Walking the beat to screen for corona
Community health care workers face the odds in a bid to arrest the spread of coronavirus.
A chorus of voices echoes through the deserted neighbourhood.
“Kokoooo… Kokoooo… Kokoooo…”
Women in navy blue skirts, pants and white shirts stand knocking at the gates to different properties in a deserted street of Block B in Lebowakgomo, a township in Limpopo’s Nkumpi Lepelle municipality.
The quartet is part of a bigger group of community health care workers employed by the department of health to serve in the primary health care sector.
Since the outbreak of the coronavirus that saw the country placed under lockdown in March, they have taken on the important albeit exhausting role of conducting screening for the virus in households in rural villages and Lebowakgomo as part of the Provincial Mass Household Screening program.
Limpopo health MEC Dr Phophi Ramathuba says 9 856 community health care workers have been deployed to conduct screenings in the province since 14 April. She says by Friday (24 April 2020), the teams had managed to visit 800 119 households. screening 2 781 765 people.
“Of this, 2 783 people were referred for testing and 1 770 were tested. Out of the 1 770 people who were tested as per this programme, one person tested positive,” says Ramathuba.
On a late Sunday morning Pinky Matjekane and her community health care worker colleagues have just left the clinic in Zone B for another long day of work, knocking on homes to conduct screening.
Another team has broken off to another section of the township.
“Kokoooo…kokoooo…koooooo…” Matjekane raises her voice trying to look over a shiny metal gate.
For a while it looks like there will be no response to her constant knocking. But after a while a voice finally echoes from behind the locked gate. Matjekane introduces herself as a community health care worker doing conducting screening for coronavirus. A young man pulls the gate open and invites her in.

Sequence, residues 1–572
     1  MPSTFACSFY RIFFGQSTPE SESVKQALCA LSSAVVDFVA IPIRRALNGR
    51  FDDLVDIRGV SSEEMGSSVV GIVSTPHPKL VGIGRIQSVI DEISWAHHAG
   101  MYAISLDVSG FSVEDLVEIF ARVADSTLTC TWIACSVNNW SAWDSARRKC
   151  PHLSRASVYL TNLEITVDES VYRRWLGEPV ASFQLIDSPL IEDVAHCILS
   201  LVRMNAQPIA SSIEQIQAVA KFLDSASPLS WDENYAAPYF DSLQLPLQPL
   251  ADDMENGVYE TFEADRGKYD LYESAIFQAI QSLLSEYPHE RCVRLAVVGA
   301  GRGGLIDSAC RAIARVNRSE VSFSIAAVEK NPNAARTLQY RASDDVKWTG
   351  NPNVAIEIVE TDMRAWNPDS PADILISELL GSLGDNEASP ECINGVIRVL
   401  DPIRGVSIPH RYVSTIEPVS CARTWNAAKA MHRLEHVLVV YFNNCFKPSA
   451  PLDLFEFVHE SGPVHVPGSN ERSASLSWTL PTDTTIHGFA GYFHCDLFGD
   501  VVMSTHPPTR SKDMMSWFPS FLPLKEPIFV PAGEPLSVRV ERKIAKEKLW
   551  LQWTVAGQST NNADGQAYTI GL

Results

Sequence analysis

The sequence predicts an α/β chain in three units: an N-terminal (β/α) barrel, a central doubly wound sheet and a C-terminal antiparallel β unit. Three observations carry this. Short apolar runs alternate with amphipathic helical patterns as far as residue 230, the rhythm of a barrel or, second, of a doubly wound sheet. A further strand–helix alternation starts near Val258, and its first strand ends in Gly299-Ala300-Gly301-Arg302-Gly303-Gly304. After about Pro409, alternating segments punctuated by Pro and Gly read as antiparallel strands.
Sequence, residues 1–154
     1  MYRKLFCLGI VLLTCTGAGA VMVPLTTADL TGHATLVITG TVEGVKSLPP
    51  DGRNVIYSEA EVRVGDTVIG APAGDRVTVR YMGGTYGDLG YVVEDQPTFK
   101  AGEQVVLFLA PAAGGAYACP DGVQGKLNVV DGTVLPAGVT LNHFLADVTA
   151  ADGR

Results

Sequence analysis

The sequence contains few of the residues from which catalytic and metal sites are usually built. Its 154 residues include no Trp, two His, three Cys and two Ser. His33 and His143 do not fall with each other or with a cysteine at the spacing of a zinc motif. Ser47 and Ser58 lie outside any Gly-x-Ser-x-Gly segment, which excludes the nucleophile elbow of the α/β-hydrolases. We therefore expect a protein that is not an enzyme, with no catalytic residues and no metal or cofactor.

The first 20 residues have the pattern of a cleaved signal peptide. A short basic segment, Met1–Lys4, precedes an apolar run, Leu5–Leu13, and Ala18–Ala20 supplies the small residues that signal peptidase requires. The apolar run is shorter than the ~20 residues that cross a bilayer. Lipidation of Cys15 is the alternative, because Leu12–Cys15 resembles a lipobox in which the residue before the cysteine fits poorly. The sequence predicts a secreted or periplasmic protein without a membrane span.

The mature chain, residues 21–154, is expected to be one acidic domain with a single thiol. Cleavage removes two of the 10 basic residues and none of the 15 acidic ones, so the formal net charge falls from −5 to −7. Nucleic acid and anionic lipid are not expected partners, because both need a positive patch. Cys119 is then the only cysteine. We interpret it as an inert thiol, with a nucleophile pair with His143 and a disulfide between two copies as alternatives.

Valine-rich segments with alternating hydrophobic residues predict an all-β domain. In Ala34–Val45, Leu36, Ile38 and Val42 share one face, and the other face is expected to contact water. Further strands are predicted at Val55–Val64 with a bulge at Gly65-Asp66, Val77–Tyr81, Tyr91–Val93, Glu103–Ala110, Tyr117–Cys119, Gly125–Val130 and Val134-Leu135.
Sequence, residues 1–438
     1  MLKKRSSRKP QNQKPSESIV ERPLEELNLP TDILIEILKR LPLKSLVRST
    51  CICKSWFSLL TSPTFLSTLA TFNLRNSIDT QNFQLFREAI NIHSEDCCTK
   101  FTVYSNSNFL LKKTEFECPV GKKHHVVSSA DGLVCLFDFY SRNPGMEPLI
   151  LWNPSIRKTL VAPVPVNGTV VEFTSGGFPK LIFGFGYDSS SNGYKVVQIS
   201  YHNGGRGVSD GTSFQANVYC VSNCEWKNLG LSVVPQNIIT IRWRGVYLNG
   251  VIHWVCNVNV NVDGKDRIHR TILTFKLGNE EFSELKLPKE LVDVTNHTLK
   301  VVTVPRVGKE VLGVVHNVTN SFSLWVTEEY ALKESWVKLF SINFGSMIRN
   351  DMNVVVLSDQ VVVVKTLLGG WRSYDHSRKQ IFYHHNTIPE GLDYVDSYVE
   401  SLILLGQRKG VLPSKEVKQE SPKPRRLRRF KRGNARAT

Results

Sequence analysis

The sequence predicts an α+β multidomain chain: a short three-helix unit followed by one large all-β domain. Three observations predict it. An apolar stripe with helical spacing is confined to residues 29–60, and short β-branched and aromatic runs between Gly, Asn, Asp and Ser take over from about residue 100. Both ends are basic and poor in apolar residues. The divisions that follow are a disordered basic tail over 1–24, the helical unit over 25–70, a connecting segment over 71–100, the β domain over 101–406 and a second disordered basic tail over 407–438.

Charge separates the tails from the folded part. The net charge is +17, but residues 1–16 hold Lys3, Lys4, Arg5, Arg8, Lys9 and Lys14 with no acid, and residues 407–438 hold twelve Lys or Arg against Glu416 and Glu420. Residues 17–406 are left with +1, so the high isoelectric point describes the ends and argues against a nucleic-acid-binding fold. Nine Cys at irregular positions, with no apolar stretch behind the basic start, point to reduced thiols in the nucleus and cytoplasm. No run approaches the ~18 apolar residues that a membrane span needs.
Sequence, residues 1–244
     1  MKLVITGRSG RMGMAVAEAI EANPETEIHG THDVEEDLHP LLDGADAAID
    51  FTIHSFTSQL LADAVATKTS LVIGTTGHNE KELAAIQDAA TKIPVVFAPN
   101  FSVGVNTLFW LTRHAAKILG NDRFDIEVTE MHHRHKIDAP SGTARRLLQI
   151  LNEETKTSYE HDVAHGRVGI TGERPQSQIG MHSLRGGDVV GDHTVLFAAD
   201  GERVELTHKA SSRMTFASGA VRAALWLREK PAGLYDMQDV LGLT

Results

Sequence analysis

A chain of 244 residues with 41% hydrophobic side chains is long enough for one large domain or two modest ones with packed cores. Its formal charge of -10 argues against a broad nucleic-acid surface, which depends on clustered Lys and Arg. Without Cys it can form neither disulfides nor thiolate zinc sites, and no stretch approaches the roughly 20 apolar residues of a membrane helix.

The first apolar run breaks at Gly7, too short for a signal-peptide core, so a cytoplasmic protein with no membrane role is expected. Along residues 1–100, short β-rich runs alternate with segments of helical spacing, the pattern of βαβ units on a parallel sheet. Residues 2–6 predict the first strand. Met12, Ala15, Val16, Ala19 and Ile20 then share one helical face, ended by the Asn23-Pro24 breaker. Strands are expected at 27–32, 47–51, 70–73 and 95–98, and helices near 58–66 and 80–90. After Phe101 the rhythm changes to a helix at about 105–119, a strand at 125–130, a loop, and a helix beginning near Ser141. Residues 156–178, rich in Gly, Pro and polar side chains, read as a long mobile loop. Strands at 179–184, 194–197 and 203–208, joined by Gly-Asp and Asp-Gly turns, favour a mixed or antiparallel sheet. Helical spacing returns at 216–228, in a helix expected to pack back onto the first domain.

Wearing a protective surgical mask, she flips out a page and clips it onto a file. A woman and her two teenage sons walk out of the house and stand under the shade of the carport. After introducing herself and explaining her mission she gets down to business.
Has anyone in the household travelled abroad? Have they been in contact with anyone who travelled abroad or showed certain symptoms of fever? Does anyone in the family have any symptoms of a fever? They answer all the questions in the negative. Matjekane thanks them for their co-operation and encourages them to respect the lockdown rules.
They want to know if that’s all. She explains that if the screening team suspects there could be a positive case they then contact another team to come conduct the testing team to come conduct further tests. But there’s not much time for chit-chat and Matjekane walks out the yard and heads for another household.
Damaris Moletsane is concluding her screening next door. She is patient but very thorough in her conduct.
Her day starts at 5am and is at the clinic by 8am after taking a taxi there.